"Heil wanted to retain this facility, but they provided me with the opportunity to have a dealership in my own territory," he says. Although he was willing to purchase the entire operation, he is convinced that sales and leasing are where his company needs to be.
Olsta has maintained his dealership location within the Heil facility since the company's start. However, the company has cleared 11 acres on which The Jack Olsta Company will build new headquarters.
New Building The new facility clearly will provide the company more room. Olsta presently leases 1,200 square feet from Heil. The new standalone building will encompass 6,000 square feet. The focal point of the structure will be a 24' x 30' conference room that the company will use for training its sales representatives.
"We hold monthly training sessions for our sales staff already, and we don't have a place here to do it," Olsta says. "We meet at the Chamber of Commerce building, at the local university-wherever we can."
The conference room also will serve as a site for training the personnel of Olsta customers. "We want to create an atmosphere of helping our customers. We aren't just here to sell them a piece of equipment."
The Jack Olsta Company's primary product line is Heil Tank trailers. The company also represents truck tanks produced by Young's Tank in Boyd, Texas.
The company covers Texas, Louisiana, Mississippi, Oklahoma, Arkansas, and the western end of Tennessee for Heil. So concentrated are tank trailers along the petrochemical complex east of Houston that The Jack Olsta Company has two sales representatives in the Houston area in addition to offices just north of the city. Other sales representatives are based in Fort Worth and San Antonio, Texas; Memphis, Tennessee; and Baton Rouge, Louisiana. Other representatives based on the West Coast and Salt Lake City specialize in leasing and used trailer sales.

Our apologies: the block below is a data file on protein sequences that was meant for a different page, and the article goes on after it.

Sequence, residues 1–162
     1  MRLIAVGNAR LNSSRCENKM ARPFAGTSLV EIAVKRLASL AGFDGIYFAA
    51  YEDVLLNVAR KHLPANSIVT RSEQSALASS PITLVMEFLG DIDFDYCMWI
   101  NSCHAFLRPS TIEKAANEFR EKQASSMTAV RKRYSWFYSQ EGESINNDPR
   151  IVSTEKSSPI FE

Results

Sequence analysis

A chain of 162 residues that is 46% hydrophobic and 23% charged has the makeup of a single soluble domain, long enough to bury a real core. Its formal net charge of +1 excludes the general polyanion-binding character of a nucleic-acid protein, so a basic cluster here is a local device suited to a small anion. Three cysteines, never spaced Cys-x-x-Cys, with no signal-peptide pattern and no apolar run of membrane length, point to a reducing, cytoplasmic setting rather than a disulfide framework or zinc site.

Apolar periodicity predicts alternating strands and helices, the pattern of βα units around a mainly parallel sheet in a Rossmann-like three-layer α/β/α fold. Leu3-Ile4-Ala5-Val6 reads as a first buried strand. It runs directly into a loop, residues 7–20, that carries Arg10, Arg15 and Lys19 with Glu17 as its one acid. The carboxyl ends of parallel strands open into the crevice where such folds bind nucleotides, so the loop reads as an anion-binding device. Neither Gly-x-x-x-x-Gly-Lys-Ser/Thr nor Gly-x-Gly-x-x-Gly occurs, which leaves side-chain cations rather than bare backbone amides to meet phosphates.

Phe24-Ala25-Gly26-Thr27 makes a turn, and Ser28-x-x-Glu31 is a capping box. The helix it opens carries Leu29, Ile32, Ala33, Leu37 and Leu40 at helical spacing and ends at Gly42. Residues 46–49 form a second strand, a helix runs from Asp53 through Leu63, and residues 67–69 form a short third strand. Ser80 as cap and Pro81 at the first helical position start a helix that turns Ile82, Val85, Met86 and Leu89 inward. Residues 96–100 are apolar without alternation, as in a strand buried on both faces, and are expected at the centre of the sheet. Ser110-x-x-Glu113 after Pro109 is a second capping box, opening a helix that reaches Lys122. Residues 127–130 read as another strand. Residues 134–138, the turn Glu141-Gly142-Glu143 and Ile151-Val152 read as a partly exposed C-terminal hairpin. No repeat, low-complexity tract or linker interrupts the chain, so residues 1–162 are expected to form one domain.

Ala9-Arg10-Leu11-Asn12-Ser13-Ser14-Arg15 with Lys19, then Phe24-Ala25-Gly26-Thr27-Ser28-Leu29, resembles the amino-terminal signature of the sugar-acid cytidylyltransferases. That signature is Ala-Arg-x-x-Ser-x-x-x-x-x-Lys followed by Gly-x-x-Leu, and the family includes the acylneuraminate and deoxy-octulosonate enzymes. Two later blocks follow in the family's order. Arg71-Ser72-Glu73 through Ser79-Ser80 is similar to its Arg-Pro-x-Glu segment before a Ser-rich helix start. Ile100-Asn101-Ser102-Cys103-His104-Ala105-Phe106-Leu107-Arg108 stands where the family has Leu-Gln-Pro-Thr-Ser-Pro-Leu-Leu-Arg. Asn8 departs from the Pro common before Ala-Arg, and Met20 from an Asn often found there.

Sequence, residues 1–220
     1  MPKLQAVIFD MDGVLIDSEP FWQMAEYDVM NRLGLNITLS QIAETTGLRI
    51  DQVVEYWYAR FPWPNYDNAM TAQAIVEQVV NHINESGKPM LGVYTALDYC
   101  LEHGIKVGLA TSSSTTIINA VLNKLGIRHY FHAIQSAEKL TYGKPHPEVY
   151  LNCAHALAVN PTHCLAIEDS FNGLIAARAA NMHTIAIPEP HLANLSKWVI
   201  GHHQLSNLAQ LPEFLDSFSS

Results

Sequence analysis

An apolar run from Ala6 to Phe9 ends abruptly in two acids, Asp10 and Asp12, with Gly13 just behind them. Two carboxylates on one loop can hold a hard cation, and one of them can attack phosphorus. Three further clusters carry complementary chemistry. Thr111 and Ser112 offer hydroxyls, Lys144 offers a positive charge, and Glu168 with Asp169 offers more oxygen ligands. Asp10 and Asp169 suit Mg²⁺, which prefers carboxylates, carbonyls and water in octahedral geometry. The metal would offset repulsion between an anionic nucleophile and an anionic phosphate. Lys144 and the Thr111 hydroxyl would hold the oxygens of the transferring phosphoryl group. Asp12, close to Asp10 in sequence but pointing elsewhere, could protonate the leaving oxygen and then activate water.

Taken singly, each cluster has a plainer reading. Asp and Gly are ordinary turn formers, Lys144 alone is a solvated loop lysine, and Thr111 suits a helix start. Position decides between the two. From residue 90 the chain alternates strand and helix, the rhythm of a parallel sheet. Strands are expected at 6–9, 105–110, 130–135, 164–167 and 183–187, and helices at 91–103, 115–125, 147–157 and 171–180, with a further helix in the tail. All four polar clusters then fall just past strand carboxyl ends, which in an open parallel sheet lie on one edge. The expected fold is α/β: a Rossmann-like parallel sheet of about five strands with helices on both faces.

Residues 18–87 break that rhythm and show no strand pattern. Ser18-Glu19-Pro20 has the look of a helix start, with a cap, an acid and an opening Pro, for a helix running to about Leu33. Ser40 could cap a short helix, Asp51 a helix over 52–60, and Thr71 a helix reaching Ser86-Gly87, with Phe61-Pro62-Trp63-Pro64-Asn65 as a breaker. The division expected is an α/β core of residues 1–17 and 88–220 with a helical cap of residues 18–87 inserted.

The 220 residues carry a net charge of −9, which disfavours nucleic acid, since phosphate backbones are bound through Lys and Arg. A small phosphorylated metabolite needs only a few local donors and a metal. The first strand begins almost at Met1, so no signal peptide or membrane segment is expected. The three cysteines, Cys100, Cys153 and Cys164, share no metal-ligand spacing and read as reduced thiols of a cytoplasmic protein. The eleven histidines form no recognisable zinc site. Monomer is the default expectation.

Changes for NTDA One of Olsta's passions has been his work with the National Trailer Dealers Association. He is approximately midway through his one-year term as president of the association.
The organization has been in a transition phase recently, hiring its first full-time executive director.
"John and Sue Dorso have done a tremendous job starting and nurturing our association," Olsta says. "They have now sold their business and retired, requiring NTDA to hire a full-time administrator to guide the association to the next level."
NTDA is now under the direction of Linda Lauer, whose association management company has experience dealing with many of the small-business issues that trailer dealers face. The company also has extensive publication capability, along with a fulltime convention manager.
"This year will be one of building up our fundamentals and infrastructure," Olsta says of his plans for the association during his term as president. "We will be spending time developing our newsletters, membership directory, and convention. All of these are elements that need to be in place for our association to really grow."